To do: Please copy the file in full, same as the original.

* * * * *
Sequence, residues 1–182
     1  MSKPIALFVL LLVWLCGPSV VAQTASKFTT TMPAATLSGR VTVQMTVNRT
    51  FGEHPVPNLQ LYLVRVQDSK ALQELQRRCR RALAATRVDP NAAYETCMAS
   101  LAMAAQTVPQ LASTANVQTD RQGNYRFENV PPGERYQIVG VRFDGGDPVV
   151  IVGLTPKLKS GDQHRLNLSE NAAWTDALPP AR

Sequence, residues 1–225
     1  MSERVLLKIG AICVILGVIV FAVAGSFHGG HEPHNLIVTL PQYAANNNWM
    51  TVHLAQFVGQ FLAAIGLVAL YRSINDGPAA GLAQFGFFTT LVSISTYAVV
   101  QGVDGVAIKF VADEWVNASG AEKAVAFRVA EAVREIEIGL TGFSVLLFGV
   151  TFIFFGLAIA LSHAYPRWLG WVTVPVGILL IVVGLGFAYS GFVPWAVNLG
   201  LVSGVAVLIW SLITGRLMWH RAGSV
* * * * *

Sequence, residues 1–182
     1  MSKPIALFVL LLVWLCGPSV VAQTASKFTT TMPAATLSGR VTVQMTVNRT
    51  FGEHPVPNLQ LYLVRVQDSK ALQELQRRCR RALAATRVDP NAAYETCMAS
   101  LAMAAQTVPQ LASTANVQTD RQGNYRFENV PPGERYQIVG VRFDGGDPVV
   151  IVGLTPKLKS GDQHRLNLSE NAAWTDALPP AR

Sequence, residues 1–225
     1  MSERVLLKIG AICVILGVIV FAVAGSFHGG HEPHNLIVTL PQYAANNNWM
    51  TVHLAQFVGQ FLAAIGLVAL YRSINDGPAA GLAQFGFFTT LVSISTYAVV
   101  QGVDGVAIKF VADEWVNASG AEKAVAFRVA EAVREIEIGL TGFSVLLFGV
   151  TFIFFGLAIA LSHAYPRWLG WVTVPVGILL IVVGLGFAYS GFVPWAVNLG
   201  LVSGVAVLIW SLITGRLMWH RAGSV